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As a general rule, employees covered by the Fair Labor Standards Act (“FLSA”) must be paid a minimum wage, which is set by the FLSA itself. However, the amount of wages actually received by the employee in his or her paycheck may be less if the employer deducted any amounts from the employee’s earnings.
The amount of wages that an employer must pay any particular employee can be lowered by:
- Deductions or credits for some things provided by the employer, like room and board, as well as for “tips” made by certain workers
- Wage garnishments
- Wage or income assignments
Whether you’re an employee or an employer, you need to how these various things work, as well as the limitations on when they can be used.
Deductions or Credits
Sometimes, an employee’s wages include board, lodging or other “facilities” that are provided by his or her employer, or include “tips,” or gratuities, the certain workers receive from customers during the workweek. So, an employer can sometimes take a credit (that is, reduce the amount of wages actually paid to an employee) for the costs board, lodging or other facilities, as well as tips.
As for board and lodging, an employer can deduct the costs of things like the costs of housing that is furnished as a dwelling or “home” for the employee, as well as meals furnished at hotels or restaurants. “Other facilities” includes things like:
- Dormitory rooms, and tuition furnished by a college to a student-employees
- General merchandise furnished at company stores and commissaries, such as food and clothing
- Utilities, like gas and electric, provided for the employee’s personal use
Goods that are primarily for the benefit or convenience of the employer, such as business-related travel expenses and necessary tools or uniforms used in the employee’s work, are not considered “other facilities,” and so the actual wages paid to an employee can’t be reduced by the costs of such things.
In order to take a credit for the amount of “tips made by an employee:”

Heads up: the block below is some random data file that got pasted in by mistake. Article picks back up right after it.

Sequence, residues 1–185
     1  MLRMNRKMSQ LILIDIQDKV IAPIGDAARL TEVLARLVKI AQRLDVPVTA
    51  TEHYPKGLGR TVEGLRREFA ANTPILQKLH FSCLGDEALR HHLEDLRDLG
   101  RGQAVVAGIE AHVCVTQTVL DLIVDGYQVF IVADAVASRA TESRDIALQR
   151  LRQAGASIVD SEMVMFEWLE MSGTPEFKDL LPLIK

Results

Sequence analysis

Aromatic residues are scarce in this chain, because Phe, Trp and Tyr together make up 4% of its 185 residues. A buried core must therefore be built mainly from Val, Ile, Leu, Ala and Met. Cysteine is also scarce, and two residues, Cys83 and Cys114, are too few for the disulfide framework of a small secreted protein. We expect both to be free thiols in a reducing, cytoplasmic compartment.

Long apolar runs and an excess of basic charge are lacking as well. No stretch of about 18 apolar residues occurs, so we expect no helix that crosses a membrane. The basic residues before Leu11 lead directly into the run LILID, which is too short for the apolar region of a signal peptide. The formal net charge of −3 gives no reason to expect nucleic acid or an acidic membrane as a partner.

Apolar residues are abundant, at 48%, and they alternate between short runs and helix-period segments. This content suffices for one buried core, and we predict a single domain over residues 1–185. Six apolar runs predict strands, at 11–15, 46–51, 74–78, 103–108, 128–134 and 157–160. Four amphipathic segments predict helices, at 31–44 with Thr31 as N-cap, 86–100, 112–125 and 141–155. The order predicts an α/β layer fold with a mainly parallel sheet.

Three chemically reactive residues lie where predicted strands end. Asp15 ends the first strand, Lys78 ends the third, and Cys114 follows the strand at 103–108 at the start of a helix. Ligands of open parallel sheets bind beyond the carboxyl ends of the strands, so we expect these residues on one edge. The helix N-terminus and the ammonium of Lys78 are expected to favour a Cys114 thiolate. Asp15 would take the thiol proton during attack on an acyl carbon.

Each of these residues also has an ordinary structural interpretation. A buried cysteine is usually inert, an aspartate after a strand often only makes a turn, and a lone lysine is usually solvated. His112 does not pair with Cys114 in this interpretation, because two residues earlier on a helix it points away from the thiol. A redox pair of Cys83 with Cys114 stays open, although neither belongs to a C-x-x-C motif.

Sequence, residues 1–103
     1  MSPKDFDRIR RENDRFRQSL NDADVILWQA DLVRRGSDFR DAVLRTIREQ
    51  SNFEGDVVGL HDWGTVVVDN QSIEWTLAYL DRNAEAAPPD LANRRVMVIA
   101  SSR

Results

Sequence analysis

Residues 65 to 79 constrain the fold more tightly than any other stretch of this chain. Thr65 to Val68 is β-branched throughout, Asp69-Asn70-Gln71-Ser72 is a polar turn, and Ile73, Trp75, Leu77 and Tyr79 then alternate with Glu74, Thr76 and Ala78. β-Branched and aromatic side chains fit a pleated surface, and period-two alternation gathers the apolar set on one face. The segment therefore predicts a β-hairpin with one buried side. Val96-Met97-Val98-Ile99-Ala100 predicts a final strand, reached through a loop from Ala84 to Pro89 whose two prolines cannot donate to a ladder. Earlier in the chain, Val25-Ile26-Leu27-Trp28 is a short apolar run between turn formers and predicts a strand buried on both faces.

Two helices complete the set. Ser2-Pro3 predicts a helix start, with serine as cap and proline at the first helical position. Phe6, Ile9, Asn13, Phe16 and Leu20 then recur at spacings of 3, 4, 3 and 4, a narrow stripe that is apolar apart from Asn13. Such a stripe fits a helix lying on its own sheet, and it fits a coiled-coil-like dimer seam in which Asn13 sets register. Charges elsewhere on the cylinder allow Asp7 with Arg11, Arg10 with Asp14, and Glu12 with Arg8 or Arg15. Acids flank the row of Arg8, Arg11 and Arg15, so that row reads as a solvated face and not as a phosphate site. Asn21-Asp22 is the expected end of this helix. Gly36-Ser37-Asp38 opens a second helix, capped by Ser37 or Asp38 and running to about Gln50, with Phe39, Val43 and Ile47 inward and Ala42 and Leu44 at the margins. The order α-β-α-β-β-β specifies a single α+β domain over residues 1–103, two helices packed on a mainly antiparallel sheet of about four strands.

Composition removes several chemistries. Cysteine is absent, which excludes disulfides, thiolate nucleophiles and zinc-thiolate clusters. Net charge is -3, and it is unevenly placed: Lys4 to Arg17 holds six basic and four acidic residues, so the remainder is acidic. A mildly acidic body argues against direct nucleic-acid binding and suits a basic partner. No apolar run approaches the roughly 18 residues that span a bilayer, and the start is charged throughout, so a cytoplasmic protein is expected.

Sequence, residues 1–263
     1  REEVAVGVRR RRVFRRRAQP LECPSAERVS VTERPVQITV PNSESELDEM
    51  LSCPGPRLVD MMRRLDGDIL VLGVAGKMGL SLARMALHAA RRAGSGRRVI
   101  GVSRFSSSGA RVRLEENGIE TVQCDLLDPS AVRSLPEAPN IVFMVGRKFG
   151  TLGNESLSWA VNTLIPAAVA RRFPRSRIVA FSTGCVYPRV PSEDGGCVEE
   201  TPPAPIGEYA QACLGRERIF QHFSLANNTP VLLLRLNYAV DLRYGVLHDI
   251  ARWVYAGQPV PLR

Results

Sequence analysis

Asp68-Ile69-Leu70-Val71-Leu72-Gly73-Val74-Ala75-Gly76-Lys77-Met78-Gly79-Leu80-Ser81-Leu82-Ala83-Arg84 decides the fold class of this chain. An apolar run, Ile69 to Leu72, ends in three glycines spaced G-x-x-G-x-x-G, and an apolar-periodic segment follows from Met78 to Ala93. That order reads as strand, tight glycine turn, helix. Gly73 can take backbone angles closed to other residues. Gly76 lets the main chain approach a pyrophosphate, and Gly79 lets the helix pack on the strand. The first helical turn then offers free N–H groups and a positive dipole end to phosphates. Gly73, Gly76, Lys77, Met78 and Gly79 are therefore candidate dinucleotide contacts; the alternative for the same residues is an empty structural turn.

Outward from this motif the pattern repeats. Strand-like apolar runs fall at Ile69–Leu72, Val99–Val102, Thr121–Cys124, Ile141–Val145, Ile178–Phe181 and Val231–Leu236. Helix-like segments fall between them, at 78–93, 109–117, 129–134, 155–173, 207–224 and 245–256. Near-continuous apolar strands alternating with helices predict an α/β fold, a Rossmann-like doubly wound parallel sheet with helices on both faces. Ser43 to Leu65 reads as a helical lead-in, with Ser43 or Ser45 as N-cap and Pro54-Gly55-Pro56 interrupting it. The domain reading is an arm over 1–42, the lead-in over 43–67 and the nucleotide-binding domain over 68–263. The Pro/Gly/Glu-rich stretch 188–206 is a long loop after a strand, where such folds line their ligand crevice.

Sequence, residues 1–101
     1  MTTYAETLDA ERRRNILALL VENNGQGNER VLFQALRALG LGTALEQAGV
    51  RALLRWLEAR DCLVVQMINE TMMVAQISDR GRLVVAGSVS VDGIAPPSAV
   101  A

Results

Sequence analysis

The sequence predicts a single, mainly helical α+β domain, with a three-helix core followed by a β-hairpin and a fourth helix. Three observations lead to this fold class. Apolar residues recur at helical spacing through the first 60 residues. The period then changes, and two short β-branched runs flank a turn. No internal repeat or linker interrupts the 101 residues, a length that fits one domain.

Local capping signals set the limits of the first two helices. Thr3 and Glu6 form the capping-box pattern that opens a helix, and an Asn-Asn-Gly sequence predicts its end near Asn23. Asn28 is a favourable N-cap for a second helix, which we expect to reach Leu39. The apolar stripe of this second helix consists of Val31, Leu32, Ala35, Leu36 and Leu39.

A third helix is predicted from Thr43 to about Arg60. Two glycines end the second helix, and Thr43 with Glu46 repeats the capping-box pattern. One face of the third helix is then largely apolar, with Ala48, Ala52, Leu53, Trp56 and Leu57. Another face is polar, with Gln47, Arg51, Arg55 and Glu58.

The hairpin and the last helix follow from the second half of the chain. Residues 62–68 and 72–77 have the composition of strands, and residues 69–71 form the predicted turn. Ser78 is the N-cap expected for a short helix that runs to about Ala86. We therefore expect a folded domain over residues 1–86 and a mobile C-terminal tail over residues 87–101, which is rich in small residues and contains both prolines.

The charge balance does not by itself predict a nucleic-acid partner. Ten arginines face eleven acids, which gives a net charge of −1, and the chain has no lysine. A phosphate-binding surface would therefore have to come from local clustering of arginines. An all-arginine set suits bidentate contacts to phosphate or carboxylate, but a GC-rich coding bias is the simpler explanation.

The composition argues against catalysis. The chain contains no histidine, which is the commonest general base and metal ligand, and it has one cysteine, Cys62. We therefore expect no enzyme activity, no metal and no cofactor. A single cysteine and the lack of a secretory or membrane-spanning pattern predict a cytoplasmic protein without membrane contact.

- The employee must be a “tipped employee,” that is, he or she regularly receives more than $30 a month in tips while doing his or job. Such jobs include waiters, waitresses and bellhops
- The employer informed the employee that tips would be included as wages for the employee
- The employee is allowed to keep the tips, that is, he or she is not required to turn them over to the employer
For purposes of the FLSA, a “tip” is a sum given by a customer as a gift or gratuity in recognition of some service performed for him. They must be paid in cash, or its equivalent. “Compulsory service charges,” such as a 15% gratuity imposed on the customer’s bill by the employer, are not tips.
Some other deductions commonly used by employers include:
- The costs of furnishing or maintaining uniforms that are required by law or by the employer
- The cost of tools or equipment furnished to employees
The employer can take a deduction for these items only to the extent that the deduction does not reduce the employee’s pay below the minimum wage and/or overtime pay requirements.
Wage garnishment is when an employer withholds a portion of an employee’s wages for the payment of a debt that the employee owes to a third party. Garnishment can only take place under a court order. A creditor can’t make an employer withhold wages.
So, under a valid order of garnishment, an employer can reduce the amount of wages that are actually paid to an employee. But, federal law limits the amount of wages that can be garnished in any single workweek or pay period.
Voluntary Wage Assignments
A “voluntary wage assignment” is when an employee asks his or her employer to withhold a portion of his or wages and to transfer or pay that money directly to a creditor to pay a debt, like child support. “Garnishment” is in fact a wage assignment, but it’s involuntary and requires court action. Voluntary wage assignments are just that, voluntary, and don’t require a court order.
So, obviously, an employer can deduct sums withheld under a voluntary wage assignment from an employee’s wages. But, in addition, an employer can also make deductions for administrative or bookkeeping expenses that arise from making the payments to the creditor, but only to the extent that the employee’s pay is not reduced below the minimum wage or overtime pay requirements.
Questions for Your Attorney
- I made a voluntary wage assignment with my employer. How do I cancel it?
- My employer requires that I live on its property. Can it include the cost of this housing as wages in my paycheck?
- My employer just received a garnishment order from one of my creditors. How can I stop the garnishment?